When, say, a brochure is printed commercially, it’s printed on sheets of paper larger than the finished size. These are then folded, combined in order, bound (e.g., stapled) and trimmed down to the correct final size. The extra paper that ends up on the printer’s floor will have the document’s name and page number detailed and printer’s marks – guides which allow the printer to align each colour accurately as it’s printed and which show where the pages should be folded and trimmed.
These marks are added by the designer to the PDF artwork they prepare for the printer or publication. Bleed will also be added, an extra three millimetres on each side where colour or images extend outside where the page is to be trimmed, just as leeway in case there are any slight errors or issues in folding or trimming. The printer or publication will specify which printer’s marks are to appear and how much bleed is to be added. In some instances, they may specify no printers marks or bleed, e.g., when they are slotting an advert into other content on a page.
So, if you ever come across a PDF on a company’s website which has marks and symbols on the outer edges, you’re most likely looking at print-ready PDF artwork that the website’s owners/maintainers have mistakenly used instead of a web-ready version or have chosen to use rather than request a web-ready version or have the print-ready file converted into the correct format. It happens far more often that you’d think.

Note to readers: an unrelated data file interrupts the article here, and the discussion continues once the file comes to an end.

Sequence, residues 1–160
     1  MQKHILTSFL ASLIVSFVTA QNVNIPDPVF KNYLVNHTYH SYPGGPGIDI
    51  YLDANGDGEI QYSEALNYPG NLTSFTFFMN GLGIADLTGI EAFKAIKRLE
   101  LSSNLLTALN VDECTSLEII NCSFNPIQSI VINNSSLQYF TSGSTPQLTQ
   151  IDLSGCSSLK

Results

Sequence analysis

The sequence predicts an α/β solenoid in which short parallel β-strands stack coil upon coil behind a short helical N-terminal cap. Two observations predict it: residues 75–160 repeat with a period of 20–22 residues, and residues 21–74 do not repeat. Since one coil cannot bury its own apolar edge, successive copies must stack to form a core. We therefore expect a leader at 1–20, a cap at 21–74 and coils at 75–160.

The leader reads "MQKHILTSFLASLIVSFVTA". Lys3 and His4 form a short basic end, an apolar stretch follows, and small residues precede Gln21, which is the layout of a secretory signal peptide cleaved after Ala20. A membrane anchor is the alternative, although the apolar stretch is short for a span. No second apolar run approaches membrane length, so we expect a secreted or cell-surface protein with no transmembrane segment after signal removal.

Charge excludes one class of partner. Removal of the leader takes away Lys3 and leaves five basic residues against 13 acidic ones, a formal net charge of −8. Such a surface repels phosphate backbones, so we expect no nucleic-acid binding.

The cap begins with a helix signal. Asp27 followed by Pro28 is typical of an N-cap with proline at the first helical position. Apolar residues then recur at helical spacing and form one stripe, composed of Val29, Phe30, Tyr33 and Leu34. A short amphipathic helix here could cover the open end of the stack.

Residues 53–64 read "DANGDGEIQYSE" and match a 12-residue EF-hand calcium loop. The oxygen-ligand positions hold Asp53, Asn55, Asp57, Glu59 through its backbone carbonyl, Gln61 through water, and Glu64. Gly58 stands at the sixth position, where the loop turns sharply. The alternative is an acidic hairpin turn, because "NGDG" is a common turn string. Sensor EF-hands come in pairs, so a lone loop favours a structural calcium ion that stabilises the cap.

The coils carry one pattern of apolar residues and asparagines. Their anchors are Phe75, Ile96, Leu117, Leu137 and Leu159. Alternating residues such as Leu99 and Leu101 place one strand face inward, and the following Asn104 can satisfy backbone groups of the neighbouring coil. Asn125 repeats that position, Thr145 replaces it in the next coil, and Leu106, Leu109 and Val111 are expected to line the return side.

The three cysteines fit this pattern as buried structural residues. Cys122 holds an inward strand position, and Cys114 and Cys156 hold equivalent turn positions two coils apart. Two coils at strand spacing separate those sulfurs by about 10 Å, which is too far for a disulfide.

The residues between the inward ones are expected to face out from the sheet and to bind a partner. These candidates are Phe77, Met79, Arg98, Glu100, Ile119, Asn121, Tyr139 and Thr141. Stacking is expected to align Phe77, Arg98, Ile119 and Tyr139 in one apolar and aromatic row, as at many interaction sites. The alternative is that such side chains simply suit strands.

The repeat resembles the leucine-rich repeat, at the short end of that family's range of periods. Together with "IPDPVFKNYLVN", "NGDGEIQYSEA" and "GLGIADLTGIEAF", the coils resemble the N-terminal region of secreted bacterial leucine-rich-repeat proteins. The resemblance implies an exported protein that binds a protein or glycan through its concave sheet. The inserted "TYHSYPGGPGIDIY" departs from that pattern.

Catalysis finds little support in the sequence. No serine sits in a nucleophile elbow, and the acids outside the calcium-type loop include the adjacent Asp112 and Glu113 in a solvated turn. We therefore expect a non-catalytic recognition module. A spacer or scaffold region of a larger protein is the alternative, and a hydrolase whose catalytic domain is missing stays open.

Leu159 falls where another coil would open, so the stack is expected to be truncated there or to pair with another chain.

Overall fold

Optimisation and InDesign presets
Tweaking file size, image quality and colour format are some of the ways you can optimise PDFs. Adobe InDesign, the industry-standard page layout application for graphic designers, has presets built in to help automate that optimisation. For PDFs destined for the web, ‘Smallest File Size’ is a good option but you can create a custom preset of your own if, for example, you prefer better image quality. For PDF print artwork, one of the most-used industry-standards is ‘PDF/X-1a:2001’ but your printer may specify another.
There is limited scope for adding interactivity to PDFs but you can enrich a reader’s experience by adding links to other pages in the PDF, links to web pages or navigation buttons. Adding links to a table of contents is an easy way to improve a reader’s experience and this can be automated in InDesign when you export a PDF. Interactivity has no function in print-ready PDF artwork.
Sharing and sharing format
If you want to share a PDF to a certain person or group of people, email is the most convenient method as PDF file sizes are generally low. However, print-ready PDF artwork is normally much larger so a file transfer service such as WeTransfer (free if you’re sending files up to 2 GB) may be needed.
Sharing a web-ready PDF as is (.pdf format) is normally fine (unless it’s a very large file) but print-ready PDF artwork should be compressed (.zip format) before sending to protect the file from possible corruption as it passes from server to server.
It’s a good idea to name print-ready PDF artwork so it can be identified easily. You can do this by adding a prefix or suffix to the file name – I always add an ‘X1a-‘ prefix.
Finally, let’s talk about security. For print-ready PDF artwork, you’ll (presumably) be sending the file to a trusted printer or publication and be using a trusted file transfer method so you shouldn’t need to add security unless the content is sensitive. For web-ready PDFs, you may want only certain people to have access to the file or may want to protect the PDF’s content. In those cases, you can either add a password so only those in the know can open the file or add a password to prevent content being copied and/or printed or limit printing to low quality. You may even want to add passwords to restrict both opening and copying/printing. Just be aware though that PDF security is pretty easily broken if you know how to do it.